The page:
The Angels make a gradual climb, with the help of angels and eventually by gelling as a team, and we get various glimpses of the standings throughout. At one point, they were shown to be 58-62, and still 15 games back of Chicago. Even a 19-10 stretch only saw them gain two games. But our last view of the standings comes with about one week remaining in the season, and it shows the Angels now just three games back, at 91-64.
I’m not sure what the Angels’ final record was, but they won at least 96 games. They lost their penultimate game to the White Sox before beating them the next night to stay ahead in the division. Since our final standings glimpse had Chicago at 94 wins, the White Sox won 95 games at minimum counting that last win over the Angels. California (they were the California Angels back then, not yet even the Anaheim Angels, nor the Los Angeles Angels of Anaheim) finished ahead of Chicago, so they had to have won at least 96 games.
But even going from 58-62 to 91-64 is basically the greatest stretch in baseball history. Winning 33 out of 35 games is something that has happened only once in modern baseball history, and that was by the 1906 Cubs. Only 24 times since 1901 has a team won at least 30 games in a 35-game stretch, and yes I found that by searching year-by-year in the wonderful Baseball-Reference play index (specifically the n-game stretch tool).
First we have Angels catcher Triscuitt Messmer, snapping an 0-for-26 skid with a heavenly-assisted home run, a swing that not only shatters his bat but also tore the cover off the ball. Let’s compare this to Jack Howell hitting a real-life broken-bat home run in 1987.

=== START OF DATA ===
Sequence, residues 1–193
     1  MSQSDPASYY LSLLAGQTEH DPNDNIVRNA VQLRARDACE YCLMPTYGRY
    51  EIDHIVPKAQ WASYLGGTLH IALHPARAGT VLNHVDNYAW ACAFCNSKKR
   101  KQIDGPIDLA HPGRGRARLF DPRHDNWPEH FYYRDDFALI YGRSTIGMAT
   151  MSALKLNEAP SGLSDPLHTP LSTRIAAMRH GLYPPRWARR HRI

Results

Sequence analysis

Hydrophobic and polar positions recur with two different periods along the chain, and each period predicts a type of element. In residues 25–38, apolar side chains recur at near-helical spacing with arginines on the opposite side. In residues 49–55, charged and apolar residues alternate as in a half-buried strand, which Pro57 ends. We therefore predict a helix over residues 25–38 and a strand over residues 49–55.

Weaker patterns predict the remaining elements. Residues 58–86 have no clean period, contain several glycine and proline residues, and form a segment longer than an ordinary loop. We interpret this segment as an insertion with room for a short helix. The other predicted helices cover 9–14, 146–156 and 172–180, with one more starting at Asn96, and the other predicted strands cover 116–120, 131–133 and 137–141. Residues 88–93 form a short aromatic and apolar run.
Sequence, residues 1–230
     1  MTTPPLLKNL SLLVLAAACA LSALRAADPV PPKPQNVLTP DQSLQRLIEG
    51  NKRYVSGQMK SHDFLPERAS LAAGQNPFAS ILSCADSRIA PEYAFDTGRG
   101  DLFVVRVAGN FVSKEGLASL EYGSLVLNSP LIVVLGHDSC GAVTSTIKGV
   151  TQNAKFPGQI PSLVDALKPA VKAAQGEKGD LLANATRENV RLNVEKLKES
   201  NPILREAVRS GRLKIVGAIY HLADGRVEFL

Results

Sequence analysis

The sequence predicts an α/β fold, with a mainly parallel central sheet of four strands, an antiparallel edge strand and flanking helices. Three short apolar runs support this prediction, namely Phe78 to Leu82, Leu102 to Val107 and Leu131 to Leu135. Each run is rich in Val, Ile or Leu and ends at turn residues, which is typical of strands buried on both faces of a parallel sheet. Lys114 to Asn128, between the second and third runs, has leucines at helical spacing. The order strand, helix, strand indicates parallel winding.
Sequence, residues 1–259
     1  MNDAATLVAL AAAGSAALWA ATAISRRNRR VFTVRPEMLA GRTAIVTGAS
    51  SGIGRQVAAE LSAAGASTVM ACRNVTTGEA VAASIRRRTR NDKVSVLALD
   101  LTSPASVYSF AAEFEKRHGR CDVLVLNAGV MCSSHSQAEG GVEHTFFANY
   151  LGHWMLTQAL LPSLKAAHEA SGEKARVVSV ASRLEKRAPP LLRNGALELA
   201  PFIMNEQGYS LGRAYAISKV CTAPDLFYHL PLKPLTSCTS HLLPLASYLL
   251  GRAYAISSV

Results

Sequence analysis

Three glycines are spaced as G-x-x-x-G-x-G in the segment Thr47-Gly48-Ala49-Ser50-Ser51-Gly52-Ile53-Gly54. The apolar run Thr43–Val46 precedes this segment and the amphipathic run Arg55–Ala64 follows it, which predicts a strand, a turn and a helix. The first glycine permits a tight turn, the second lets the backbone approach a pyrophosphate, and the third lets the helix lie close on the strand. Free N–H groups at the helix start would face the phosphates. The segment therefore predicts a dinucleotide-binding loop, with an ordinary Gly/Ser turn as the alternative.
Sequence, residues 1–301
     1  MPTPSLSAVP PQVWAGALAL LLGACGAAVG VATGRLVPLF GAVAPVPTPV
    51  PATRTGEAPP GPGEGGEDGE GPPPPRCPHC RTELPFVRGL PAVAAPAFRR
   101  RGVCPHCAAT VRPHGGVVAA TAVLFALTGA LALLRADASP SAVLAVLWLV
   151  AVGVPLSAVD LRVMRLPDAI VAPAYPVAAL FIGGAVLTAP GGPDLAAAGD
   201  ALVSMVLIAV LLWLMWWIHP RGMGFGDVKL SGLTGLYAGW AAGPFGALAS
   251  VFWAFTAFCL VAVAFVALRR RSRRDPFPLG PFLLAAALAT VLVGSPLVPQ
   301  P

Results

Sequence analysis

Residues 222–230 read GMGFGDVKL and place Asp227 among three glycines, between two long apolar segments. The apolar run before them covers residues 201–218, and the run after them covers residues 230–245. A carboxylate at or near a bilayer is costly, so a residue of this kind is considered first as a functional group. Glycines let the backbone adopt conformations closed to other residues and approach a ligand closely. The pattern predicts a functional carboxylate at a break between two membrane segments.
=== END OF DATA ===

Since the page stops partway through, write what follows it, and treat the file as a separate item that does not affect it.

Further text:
Then we have White Sox slugger Kit Kesey, who goes by the nickname “Hit or Die,” which is in the world of this movie is so prominent that he is even introduced on the road as “Kit Hit or Die Kesey.” Incredible. Hit or Die is played by actual major league player Carney Lansford, who added a layer by playing his movie role as a big, spitting meany.
He channeled another former major leaguer in the movies — 1982 AL Cy Young Award winner Pete Vuckovich, a pitcher who played fictional Yankees slugger Clu Haywood in Major League. In addition to both players being mean, mustachioed, and intense spitters, both led the AL in runs batted in.
The Angels announcer is pure evil
Angels announcer Ranch Wilder is played expertly by Jay O. Sander as a textbook villain. In addition to having the name Ranch Wilder, the announcer really has it in for Knox, the Angels manager.
Their hatred for each other is evident early in the film, when Knox punches Wilder during a postgame interview. As the movie progressed, it became more and more clear that Wilder deserved it.
The two had a history. Knox was a great catcher with the Reds, who won the 1979 NL MVP and graced at least one cover of Sports Illustrated during his playing days. It is later revealed that Wilder injured Knox with a slide at home plate, one that Knox still feels to this day was dirty and intentional.